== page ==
Earth-sheltered housing is no longer an oddity. In fact, even though the concept of underground dwellings has been popularized only over the past decade or so, thousands of subterranean homes exist today. Unfortunately (for the average house-shopper), much of the material written about earth-sheltered structures is directed to the professional, or to folks who are at least acquainted with the technical aspects of such construction. And that's why we decided to excerpt this chapter from A Practical Guide to Earth Sheltered Housing by Mary Rollwagen, Susan Taylor, and T. Lance Holthusen. The authors—whose consulting firm, TLH Associates, handles many of the public education programs of the University of Minnesota's Underground Space Association—have specifically directed their attention toward potential homeowners who don't want to build their own houses, but would prefer to have the task contracted or to buy an existing earth-sheltered structure. Such people, of course, need to be sure they're making a sound investment, as this is a venture in which mistakes can be very costly.
When most of us want to acquire a conventional home, we find it much quicker to buy an existing home than to build a new one. Most of the defects in a conventional house are reasonably discernible to average consumers.
Buying an existing earth-sheltered home is a different story altogether. Since earth-sheltered houses are so new, few have appeared on the market for resale. It is estimated, however, that somewhere in the neighborhood of five to six thousand homes had been built by 1982. In addition, some speculation homes are always on the market. In the future, then, consumers may increasingly enjoy the option of buying rather than building an earth-sheltered home.
If you should find an earth-sheltered home that is for sale at the right price and quite fits your needs, how do you judge the soundness of its construction? What should you look for in any earth-sheltered home you tour?
There is no way to probe inside the walls to inspect steel placement or even to ascertain whether the waterproofing system is intact on buried surfaces. Evidence of problems can often be observed in other ways, however.
Look inside the house. for these signs of leakage or structural problems:
On the outside of the house and up on the roof, look for these clues:
If there is an active or passive solar heating system, find out how it works. Has the system met the owner's expectations? Does it require frequent manipulation or repair?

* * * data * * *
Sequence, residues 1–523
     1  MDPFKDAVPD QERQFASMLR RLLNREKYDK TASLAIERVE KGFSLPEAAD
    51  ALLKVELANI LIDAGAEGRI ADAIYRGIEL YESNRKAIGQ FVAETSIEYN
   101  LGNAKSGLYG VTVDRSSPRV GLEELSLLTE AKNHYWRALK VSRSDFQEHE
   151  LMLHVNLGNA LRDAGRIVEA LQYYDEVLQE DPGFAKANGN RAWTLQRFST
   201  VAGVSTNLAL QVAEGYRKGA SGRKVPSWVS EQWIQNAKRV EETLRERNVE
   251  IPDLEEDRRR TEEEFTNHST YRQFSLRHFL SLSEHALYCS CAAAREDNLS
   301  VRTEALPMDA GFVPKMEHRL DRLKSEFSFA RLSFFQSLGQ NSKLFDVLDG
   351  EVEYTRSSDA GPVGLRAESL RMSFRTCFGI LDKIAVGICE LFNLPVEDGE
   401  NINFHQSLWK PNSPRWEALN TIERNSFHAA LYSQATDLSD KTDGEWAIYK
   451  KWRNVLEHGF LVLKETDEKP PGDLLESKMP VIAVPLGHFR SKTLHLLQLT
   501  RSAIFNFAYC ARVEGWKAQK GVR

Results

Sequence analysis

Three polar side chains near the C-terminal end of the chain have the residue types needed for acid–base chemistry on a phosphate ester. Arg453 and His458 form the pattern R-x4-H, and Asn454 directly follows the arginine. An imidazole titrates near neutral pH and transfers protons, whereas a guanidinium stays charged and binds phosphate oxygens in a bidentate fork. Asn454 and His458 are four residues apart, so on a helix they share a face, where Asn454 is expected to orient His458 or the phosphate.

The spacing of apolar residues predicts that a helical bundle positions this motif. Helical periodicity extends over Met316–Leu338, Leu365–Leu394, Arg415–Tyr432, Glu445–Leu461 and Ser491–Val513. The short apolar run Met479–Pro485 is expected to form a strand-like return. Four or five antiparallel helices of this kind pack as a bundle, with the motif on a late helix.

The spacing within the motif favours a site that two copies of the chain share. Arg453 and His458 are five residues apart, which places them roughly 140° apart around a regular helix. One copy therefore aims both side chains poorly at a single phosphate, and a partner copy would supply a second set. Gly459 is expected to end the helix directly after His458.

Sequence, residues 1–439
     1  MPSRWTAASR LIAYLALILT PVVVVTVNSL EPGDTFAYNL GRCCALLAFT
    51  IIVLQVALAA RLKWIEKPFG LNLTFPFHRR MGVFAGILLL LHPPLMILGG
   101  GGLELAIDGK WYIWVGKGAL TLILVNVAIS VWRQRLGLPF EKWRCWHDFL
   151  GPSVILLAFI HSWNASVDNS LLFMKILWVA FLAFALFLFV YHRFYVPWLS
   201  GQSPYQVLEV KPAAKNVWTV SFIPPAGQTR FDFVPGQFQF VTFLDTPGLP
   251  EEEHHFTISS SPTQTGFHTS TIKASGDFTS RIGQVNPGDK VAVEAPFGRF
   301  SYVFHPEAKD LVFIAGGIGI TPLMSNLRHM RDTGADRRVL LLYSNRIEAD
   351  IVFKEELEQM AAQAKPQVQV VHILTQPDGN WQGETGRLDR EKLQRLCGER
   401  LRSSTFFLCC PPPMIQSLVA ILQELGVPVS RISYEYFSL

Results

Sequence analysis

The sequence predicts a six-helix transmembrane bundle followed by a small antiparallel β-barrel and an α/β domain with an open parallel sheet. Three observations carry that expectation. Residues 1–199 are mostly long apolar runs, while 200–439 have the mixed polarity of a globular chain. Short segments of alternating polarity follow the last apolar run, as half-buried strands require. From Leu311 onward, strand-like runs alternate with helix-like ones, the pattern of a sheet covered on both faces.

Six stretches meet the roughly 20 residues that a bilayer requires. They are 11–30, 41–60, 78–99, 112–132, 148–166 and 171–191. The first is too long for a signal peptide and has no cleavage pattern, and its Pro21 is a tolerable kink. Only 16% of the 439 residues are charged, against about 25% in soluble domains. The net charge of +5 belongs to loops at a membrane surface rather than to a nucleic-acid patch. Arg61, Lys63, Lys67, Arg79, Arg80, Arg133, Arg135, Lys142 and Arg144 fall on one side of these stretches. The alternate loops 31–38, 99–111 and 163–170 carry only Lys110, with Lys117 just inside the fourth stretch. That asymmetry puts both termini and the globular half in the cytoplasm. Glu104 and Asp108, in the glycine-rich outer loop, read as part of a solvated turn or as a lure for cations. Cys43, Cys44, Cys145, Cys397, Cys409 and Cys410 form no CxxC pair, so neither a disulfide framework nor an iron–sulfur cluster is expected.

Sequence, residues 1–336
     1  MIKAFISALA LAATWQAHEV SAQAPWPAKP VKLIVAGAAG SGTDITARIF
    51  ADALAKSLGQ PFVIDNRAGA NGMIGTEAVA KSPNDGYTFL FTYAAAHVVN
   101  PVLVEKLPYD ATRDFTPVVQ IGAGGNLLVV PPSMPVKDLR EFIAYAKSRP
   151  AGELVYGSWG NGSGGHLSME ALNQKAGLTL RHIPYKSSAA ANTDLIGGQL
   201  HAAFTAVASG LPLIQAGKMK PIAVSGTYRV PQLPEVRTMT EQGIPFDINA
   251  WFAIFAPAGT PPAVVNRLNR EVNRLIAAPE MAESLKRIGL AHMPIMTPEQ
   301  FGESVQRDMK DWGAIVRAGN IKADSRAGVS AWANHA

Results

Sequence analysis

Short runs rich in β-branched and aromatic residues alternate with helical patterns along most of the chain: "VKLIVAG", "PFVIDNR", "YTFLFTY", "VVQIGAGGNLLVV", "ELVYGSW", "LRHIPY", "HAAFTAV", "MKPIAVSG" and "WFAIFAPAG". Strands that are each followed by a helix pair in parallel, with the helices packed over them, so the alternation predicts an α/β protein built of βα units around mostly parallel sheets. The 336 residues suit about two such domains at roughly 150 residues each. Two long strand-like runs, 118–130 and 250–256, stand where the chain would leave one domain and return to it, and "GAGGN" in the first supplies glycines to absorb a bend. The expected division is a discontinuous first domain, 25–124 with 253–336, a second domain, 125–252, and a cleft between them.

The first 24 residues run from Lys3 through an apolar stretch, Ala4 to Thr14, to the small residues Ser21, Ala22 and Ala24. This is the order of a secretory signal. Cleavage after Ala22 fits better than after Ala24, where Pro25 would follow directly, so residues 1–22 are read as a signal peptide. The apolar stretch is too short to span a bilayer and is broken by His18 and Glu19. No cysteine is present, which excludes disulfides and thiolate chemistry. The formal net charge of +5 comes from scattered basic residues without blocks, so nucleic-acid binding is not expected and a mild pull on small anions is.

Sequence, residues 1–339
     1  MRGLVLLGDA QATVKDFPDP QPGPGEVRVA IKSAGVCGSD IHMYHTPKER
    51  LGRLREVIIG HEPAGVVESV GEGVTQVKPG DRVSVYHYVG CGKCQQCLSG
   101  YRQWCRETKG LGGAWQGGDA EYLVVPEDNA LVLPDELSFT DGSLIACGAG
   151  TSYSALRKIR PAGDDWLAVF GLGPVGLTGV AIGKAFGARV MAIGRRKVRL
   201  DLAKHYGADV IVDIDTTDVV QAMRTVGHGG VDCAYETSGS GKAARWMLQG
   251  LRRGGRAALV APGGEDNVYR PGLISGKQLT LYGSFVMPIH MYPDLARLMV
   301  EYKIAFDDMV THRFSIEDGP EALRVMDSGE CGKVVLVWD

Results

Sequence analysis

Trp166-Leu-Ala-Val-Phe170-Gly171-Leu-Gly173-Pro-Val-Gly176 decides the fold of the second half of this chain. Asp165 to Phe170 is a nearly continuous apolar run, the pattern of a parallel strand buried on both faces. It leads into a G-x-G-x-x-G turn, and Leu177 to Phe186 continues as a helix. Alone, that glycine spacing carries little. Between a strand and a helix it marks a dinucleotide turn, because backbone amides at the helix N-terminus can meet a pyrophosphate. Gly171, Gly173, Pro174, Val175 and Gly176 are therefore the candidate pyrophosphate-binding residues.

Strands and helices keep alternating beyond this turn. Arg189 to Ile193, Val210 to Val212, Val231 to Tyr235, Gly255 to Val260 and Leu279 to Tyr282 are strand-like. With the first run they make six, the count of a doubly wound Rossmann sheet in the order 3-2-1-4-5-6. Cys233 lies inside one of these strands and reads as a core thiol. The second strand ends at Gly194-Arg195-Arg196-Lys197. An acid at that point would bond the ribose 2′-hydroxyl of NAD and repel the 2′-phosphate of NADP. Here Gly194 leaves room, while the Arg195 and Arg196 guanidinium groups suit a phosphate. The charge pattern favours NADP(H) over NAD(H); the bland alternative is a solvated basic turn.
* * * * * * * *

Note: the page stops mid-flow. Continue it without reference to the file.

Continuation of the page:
Be particularly watchful of a wood- or coal-burning stove: Was it inspected when installed for proper distances from combustible surfaces, adequate insulation protection, and proper air intake and venting? Be sure the chimney stack is self-supporting and not holding any other weight.
Here is where the real purpose of building codes can be put to work for you. Your protection as a second owner, with no control over the initial design and construction, is better assured if codes were met originally. If no codes are in effect for the area, the use of an architect or a reputable builder would reduce your concern. Check the following:
The insurance question raises an interesting fact about many earth-sheltered houses. Some earth-shelter building companies and owners report that they have been able to negotiate lower insurance premiums than would be paid for similar but conventional homes, because the structure is less vulnerable to fire and storm damage. Several insurance firms have even announced lower rates, usually on the condition that the home was designed by a qualified professional. When inspecting a house for potential purchase, ask whether the plans for the house had an engineer's stamp of approval. Buying a structure that was not professionally engineered could be a risky business.
The National Association of Mutual Insurance Companies (NAMIC) has circulated a list of areas for concern to insurance inspectors considering the underwriting of an earth-sheltered home. NAMIC concluded that, assuming specific areas of concern are found to be satisfactory, earth-sheltering is "an insurable risk" if the following conditions are met:
1. The shelter is designed by an architect.
2. The plans are checked and an engineer's stamp of approval is included.
3. Building codes are followed and quality building materials are used by a reputable, qualified contractor.
4. Natural drainage and water table height are adequately determined.
5. The foundation drainage is properly installed.
6. Good waterproofing material is expertly applied.
7. The supplemental heat (wood/coal burner) is properly installed (air intake and venting). Adequate clearance between heating devices and combustible materials must be maintained.
These conditions are sensible ones for a potential buyer to investigate before making a decision.
A design professional may be more astute in spotting trouble than a potential first-time earth-shelter homeowner. Consider hiring an experienced earth-shelter architect or engineer to inspect the property for a couple of hours. Most professionals will charge an hourly fee for such a service—it will be cheap insurance against a possible $100,000 mistake.
Finally, do not rush into this "ready-made" decision any more quickly than you would leap into building a new home. Be sure this earth-sheltered house fits your program, is truly as energy-efficient as its owner or builder claims it is, appeals to your sense of aesthetics, and is located where you want to live.
Compromise, of course, but remember that you have the knowledge to have your dream house built if you still feel that is the better choice.
From A Practical Guide to Earth Sheltered Housing by Mary Rollwagen, Susan Taylor, and T. Lance Holthusen. Copyright © 1983 by Van Nostrand Reinhold Company, Inc. Used by permission.
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